T’mimim in Russia is shrinking in a shocking way and very soon, it will disappear completely in Russia. We have no choice but to cast our lives aside and build up Yeshivas Tomchei T’mimim!” Those present at this meeting knew that this entailed actual mesirus nefesh. At this fateful meeting, Nachum Wolosow was appointed as R’ Yona’s assistant. His job was to start new branches of the yeshiva; to travel to various Russian cities and find boys who wanted to learn with their parents’ agreement; to find shuls whose gabbaim would allow the boys to learn there; to find mashgichim and magidei shiur to run the new yeshivos. R’ Nachum accepted the job and frequently traveled throughout Russia to test boys and to bring money to yeshivos whose financial situations were dire. He also worked to start new yeshivos. R’ Nachum described the first thing he did after being appointed: “When I was told by R’ Mordechai Eliezer to start new branches of Yeshivas Tomchei T’mimim, my first trip was to Krolevets [the town described at length by R’ Heishka Dubrawski a”h in a series published in Beis Moshiach] where I found the outstanding bachur, one whom G-d and people took pleasure in, Moshe Robinson (Meishke Krolevetser). He was learning Tur at the time with the brilliant and famous rav, one who headed the mesivta of Tomchei T’mimim in Lubavitch when it was first founded, Rabbi Menachem Mendel Dubrawski. It wasn’t easy convincing Meishke to travel to Berditchev, but when he accepted the leadership position he went to Berditchev and devoted himself to his work with all his heart and

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soul and might. He excelled both in his terrific shiurim as well as in his fatherly devotion to every one of his talmidim.” Over the next three years, R’ Nachum founded new branches of Tomchei T’mimim, transferred funds, found talmidim, tested talmidim, etc. He traveled throughout the Soviet Union while in constant fear of the secret police. Throughout those years he did not touch his beard. He tried covering it with a scarf but it drew people’s attention anyway, which could have gotten him thrown into prison. That did not stop him. He pressed on with his work, breathing life into Yeshivos Tomchei T’mimim. Then, one day, he was arrested. It was when he was in Yekaterinislav. He was caught with gold ingots worth a fortune in his possession. He had planned on distributing it to yeshivos throughout Russia. Before he was placed in the police car, he managed to see someone he knew and he asked him to tell the rav of the city, Rabbi Levi Yitzchok Schneersohn, of his arrest. R’ Nachum spent the night in jail extremely worried. In the morning, to his amazement, the door to his cell was opened and the warden informed him that he was free to go. Just like that, without any reason. Whenever he related this, he would say he was sure that R’ Levi Yitzchok had spoken with the heads of the local police and in exchange for a bribe he had been released. At the end of 5700 he married Sarah Relka, the daughter of R’ Zalman Mendel Karasik. Their financial situation was difficult. They had a hard time finding an apartment in Leningrad. Soon after they found housing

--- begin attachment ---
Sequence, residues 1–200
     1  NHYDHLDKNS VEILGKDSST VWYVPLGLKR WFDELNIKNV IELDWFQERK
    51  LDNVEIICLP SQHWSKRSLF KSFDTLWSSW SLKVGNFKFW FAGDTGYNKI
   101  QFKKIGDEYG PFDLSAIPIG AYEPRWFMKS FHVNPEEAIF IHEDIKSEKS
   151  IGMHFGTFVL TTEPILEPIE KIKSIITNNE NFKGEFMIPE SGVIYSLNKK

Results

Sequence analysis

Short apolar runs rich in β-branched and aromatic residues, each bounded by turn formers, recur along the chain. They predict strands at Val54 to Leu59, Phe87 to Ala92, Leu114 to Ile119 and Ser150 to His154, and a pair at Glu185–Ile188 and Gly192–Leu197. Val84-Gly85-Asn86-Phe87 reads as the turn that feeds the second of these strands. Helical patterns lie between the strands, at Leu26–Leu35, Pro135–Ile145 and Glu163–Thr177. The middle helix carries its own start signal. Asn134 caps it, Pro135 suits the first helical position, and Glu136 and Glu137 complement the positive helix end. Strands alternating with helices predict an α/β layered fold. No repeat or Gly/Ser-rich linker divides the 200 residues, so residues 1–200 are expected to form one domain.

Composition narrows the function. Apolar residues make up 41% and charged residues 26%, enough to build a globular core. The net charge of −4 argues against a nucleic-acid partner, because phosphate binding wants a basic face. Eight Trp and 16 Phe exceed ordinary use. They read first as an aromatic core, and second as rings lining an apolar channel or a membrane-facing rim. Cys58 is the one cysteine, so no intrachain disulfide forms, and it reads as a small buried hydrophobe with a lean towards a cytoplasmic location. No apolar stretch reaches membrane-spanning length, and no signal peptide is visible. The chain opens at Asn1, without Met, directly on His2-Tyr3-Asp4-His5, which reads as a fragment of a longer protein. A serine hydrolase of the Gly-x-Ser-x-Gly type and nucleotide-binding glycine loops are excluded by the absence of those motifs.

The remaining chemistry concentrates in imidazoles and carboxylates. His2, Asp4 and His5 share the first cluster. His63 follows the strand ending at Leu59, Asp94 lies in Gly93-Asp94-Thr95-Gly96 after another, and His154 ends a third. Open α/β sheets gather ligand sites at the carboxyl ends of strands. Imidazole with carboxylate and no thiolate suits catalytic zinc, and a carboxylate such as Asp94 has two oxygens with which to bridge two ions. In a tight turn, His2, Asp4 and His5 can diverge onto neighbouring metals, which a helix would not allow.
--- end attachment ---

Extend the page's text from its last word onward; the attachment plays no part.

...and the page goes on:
they were forced to evacuate as the Nazis came and mercilessly bombed the city. Hundreds of thousands of civilians, including numerous Jews, escaped in trains that the government provided. They fled far from the front. R’ Nachum, his wife, her brother Isaac, R’ Yeshaya Gopin, and R’ Zalman Levin left on a train that was heading for Samarkand in Uzbekistan. His wife described the trip: “We had the choice of going

leave. I remember that at one of the stops we nearly left my brother Isaac behind. The train whistled and we were afraid we would have to leave him and who knew for how long. Then, at the last second, he jumped aboard and the train set out.” R’ Nachum and his family arrived in Samarkand, but there too, life was not tranquil. He continued to teach Nigleh and Chassidus to boys. At a certain point, the secret police began

R’ Nachum learning in the “country”

to Siberia or Samarkand. We decided to go to Samarkand because of the severe weather in Siberia. The trip to Samarkand took over two weeks due to the constant bombing, and we had no food or water. Every so often, the train would stop for an unspecified amount of time. We would run out to buy some vegetables and water and then immediately return to the train so we wouldn’t miss it. Without prior warning, there would be a short whistle and the train would

following him and he had to hide. After the five years of war, he and his wife and their baby daughter Miriam were able to leave the Soviet Union for France, where he learned sh’chita with which he supported himself. He was part of a group of Lubavitcher shochtim in Dublin, Ireland where his son Yosef Yitzchok was born. “My father did not stay in Ireland for long,” said his son R’ Chaim Tzvi, shliach in Sharon, Continued on page 37
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An ABsOlutelY g-d feARing ChAssid
The rebbe used the rare expression “absolute yerei shamayim” in reference to rabbi Aharon Mordechai zilberstrom a”h, who passed away on 17 Tammuz. why did he deserve this title? Perhaps the following story explains why.